CC: For starters, we sought to retain enough of the Soviet units from the previous Red Alert games that the faction would still feel familiar and satisfying to returning players. Red Alert fans will be thrilled to see the return of classic units like the Apocalypse Tank, the Terror Drone, the Kirov Airship, the Tesla Trooper, and the mighty Dreadnaught battleship. But we've put a satisfying new spin on these returning units. Since every Red Alert 3 unit now has a secondary ability, we get to show people a new side to their old favorites. For example, the Apocalypse Tank now has a magnetic harpoon that you can use to ensnare other units and draw them into the gaping shredder blades that adorn the front of the vehicle.
Of course, there's no shortage of new units either. The Stingray is an amphibious fast-attack Tesla boat, armed with a powerful electrical attack. Fire off its secondary ability in the ocean, and it unleashes a dramatic storm of tesla energy, dealing devastating area-of-effect damage to everyone in the vicinity. And give the Stingray a move command onto land, and it sprouts lobsterlike legs, leaping out of the water and becoming a dangerous (albeit slow) light tank.
Although it's making its first appearance in a Red Alert game, the Twinblade gunship is an homage to the classic real-world Hind helicopter gunship featured in big-budget Cold War blockbusters like Rambo III and Red Dawn. Our version has two main rotors--it must be twice as cool, huh?--and can unleash a brutal rocket barrage on unsuspecting units and structures. It's also an able troop transport--watch out for that Twinblade/engineer rush!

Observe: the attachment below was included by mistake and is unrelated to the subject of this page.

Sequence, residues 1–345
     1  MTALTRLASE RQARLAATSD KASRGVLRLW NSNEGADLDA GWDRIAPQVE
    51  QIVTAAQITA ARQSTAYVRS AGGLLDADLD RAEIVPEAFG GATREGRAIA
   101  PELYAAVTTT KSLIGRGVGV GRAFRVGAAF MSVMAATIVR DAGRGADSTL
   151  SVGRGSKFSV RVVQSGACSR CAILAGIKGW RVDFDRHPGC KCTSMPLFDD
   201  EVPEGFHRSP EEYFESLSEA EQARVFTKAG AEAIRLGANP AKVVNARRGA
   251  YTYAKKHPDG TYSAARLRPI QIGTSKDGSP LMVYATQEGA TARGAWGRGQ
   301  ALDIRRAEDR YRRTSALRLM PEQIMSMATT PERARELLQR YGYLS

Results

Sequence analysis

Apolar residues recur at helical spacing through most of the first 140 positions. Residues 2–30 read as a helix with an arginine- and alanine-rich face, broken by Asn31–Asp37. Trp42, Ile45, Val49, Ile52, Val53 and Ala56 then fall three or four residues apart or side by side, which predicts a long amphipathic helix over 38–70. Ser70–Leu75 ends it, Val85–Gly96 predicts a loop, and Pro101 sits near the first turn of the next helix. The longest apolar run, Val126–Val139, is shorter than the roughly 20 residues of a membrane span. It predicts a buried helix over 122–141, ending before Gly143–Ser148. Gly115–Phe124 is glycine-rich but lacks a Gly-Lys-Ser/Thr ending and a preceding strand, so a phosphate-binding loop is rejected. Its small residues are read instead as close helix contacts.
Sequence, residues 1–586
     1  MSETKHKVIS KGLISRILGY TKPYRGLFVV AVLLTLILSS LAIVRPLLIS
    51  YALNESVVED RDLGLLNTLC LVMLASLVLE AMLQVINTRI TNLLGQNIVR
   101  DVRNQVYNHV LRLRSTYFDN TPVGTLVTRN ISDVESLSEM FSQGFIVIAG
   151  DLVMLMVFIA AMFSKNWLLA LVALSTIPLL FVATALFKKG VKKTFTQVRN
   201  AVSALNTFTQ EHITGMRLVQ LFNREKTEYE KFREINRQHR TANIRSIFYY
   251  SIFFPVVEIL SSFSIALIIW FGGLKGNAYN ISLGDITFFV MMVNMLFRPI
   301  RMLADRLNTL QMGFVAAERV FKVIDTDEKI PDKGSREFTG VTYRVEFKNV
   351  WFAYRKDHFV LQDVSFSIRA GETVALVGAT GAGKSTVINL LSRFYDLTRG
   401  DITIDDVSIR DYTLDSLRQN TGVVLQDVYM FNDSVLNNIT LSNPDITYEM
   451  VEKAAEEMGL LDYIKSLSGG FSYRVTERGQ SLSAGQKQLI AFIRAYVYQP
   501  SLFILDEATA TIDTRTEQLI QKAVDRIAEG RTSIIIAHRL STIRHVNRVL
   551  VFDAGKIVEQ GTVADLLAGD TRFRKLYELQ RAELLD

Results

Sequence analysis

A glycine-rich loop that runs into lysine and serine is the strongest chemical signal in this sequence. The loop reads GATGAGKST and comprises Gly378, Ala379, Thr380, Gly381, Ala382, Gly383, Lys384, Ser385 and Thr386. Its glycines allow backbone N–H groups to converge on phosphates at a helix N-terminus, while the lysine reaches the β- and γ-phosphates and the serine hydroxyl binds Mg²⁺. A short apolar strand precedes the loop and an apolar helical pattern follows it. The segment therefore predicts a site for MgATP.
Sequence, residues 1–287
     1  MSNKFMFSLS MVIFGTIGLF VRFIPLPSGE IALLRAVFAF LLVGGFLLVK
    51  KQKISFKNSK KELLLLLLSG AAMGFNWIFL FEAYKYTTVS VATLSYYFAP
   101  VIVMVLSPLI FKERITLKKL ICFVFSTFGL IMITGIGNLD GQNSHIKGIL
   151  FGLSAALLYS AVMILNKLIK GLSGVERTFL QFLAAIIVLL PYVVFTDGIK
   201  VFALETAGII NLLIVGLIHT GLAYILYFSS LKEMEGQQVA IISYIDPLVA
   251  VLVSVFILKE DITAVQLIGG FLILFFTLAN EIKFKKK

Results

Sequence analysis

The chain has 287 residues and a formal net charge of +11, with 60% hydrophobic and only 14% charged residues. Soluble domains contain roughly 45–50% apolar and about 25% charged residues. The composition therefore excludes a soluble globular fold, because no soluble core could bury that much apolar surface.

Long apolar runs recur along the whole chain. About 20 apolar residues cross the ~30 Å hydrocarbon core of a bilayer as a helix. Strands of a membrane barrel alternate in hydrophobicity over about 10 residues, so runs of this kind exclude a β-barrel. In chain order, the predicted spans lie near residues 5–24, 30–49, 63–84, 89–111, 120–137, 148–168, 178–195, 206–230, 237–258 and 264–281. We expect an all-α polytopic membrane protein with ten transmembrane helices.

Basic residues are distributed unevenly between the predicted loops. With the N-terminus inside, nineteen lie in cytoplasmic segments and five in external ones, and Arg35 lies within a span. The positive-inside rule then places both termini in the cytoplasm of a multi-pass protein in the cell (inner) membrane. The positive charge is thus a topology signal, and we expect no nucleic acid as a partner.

GS: The Soviets have traditionally been labeled the "bad guy" faction, at least by us patriotic Americans. What strategies serve the Soviets, and what kind of player do you think will enjoy using this faction the most?
Chris Corry: Hold on there, buster! Bad guys?!? It all depends on your point of view. We love all three of the game's factions. The game has three campaigns, one for each faction, and when you play the Soviet campaign you'll quickly learn just how dastardly those Allied capitalist pigs can be (not to mention the ruthless techno-cultists leading the Empire of the Rising Sun).
The Soviet faction is conducive to heavy armor tanking tactics, with a healthy dose of electricity thrown in. In the early game you can get a lot of traction out of scouting with War Bears, and their secondary roar ability is perfect for incapacitating any level-one infantry they may stumble upon. The early application of Terror Drones means that unless your opponent is on his toes, you can quickly sneak devastating antivehicle capabilities behind enemy lines. Slipping a Terror Drone into one of your enemy's harvesters is a sure way to elicit howls of frustration--and to win a quick economic advantage.